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Google improves search with semantic technology

Search engine now recognizes associated phrases

Google has improved its search engine with the use of semantic technology, which it claims will enable the search engine to identify associations and concepts related to a query, improving the list of related search terms.

For example, Google's search engine, upon encountering a query like 'principles of physics', now understands that 'angular momentum', 'special relativity', 'big bang' and 'quantum mechanics' are related terms, the company said in a blog.

Ori Allon, technical lead of Google's Search Quality team, said the search improvement involves a dollop of semantic search technology mixed in with a big helping of lightning-fast, on-the-fly data mining.

"This is a new approach to query refinement because we're finding concepts and entities related to queries while you do a search, so everything is happening in real time and not [pre-assembled]," he said. "Because we're doing it in real time, we're able to target many more queries."

The use of semantic search isn't more broad at this point because full conceptual analysis of documents would slow down the process of generating query refinements on the fly, Allon said. "If we want to get it all done in a matter of milliseconds, there's a lot of innovations we still have to do. A full semantic search would be very hard to do in this limited amount of time," Allon said.

This is a big stumbling block that semantic search engines often run into: scaling their technology to the speed and volume of a massively used service like Google's.

"We're working really hard at search quality to have a better understanding of the context of the query, of what is the query. The query isn't the sum of all the terms. The query has a meaning behind it. For simple queries like 'Britney Spears' and 'Barack Obama' it's pretty easy for us to rank the pages. But when the query is 'What medication should I take after my eye surgery?', that's much harder. We need to understand the meaning," said Allon.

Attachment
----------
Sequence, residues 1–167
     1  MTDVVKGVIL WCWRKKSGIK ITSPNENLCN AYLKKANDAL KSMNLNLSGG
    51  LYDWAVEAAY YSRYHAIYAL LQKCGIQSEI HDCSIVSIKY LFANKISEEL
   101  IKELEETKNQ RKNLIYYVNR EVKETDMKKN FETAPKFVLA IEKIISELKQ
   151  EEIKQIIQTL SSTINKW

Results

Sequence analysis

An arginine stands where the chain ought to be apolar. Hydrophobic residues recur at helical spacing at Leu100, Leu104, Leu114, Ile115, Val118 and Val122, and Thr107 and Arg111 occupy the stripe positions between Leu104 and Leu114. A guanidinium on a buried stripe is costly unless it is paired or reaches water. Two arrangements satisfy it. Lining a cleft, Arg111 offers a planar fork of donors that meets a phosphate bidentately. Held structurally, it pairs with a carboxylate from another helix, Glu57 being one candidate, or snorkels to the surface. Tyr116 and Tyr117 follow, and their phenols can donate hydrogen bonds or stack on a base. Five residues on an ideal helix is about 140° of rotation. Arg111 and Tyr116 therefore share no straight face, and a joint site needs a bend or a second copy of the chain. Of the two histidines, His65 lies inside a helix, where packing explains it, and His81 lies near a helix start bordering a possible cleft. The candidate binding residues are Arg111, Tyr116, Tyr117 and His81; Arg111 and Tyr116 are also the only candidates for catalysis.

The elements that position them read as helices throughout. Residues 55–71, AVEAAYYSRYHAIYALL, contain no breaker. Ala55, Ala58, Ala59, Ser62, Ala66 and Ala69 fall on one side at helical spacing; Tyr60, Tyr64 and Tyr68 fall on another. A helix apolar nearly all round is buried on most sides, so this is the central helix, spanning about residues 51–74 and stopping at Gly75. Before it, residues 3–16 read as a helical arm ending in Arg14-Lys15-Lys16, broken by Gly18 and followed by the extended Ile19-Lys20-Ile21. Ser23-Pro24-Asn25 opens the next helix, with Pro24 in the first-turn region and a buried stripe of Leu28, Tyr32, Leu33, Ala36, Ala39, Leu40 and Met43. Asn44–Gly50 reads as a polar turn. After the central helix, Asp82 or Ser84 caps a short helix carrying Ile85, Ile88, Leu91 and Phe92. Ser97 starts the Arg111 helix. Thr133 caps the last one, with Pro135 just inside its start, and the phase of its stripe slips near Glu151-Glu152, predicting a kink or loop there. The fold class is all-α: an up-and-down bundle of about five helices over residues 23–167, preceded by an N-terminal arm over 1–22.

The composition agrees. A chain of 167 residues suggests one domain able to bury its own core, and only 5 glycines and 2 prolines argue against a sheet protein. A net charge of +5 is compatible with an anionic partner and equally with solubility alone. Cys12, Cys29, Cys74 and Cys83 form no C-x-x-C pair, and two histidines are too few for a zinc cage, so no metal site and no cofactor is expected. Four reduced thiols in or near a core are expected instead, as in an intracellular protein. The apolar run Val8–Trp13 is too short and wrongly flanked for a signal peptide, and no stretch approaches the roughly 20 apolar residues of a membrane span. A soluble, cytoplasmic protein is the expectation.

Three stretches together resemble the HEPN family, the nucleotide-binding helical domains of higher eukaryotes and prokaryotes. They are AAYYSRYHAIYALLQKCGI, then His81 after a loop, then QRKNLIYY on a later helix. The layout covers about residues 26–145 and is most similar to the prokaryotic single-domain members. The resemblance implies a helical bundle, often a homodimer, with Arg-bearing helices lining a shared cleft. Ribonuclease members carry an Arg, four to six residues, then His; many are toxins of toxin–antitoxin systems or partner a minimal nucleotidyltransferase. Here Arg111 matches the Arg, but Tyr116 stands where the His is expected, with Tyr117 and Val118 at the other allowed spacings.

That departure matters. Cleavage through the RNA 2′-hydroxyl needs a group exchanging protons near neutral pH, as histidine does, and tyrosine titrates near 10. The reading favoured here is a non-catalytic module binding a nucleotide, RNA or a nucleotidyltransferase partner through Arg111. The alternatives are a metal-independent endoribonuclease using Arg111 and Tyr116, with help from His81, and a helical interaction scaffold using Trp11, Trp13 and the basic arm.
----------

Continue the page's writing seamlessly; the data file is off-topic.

"The main Google infrastructure now is able to have a better sense of what is the context of the query and what are its related concepts, and how they relate to each other," he said. "So this is the first of what we hope will be many other applications that we're working hard to incorporate into search quality."

There is an entire field of Google competitors that are busy developing and perfecting semantic search engines, betting that they will be able to deliver on the promise of this technology: to let users type in queries in natural language and have the search engine understand their meaning and intent.

Microsoft last year acquired Powerset, one of these companies, in order to improve its web search engine with semantic search technology.

Google also rolled out another enhancement to its search engine: longer 'snippets', which are the text excerpts Google extracts from websites to show in search results where the query keywords appear.

It remains to be seen if website publishers will cry foul over longer snippets. In the past, publishers have sometimes complained that search engine abstracts that are too long give away too much of their sites' content. This in turn, they say, could cause potential visitors to not click over to the page, particularly if the abstract, or snippet, gives them the information they're looking for.

This is an area where search engines have to strike a delicate balance between fulfilling their mission - giving their users the most precise information possible related to their query - and not violating the copyrights of website publishers.


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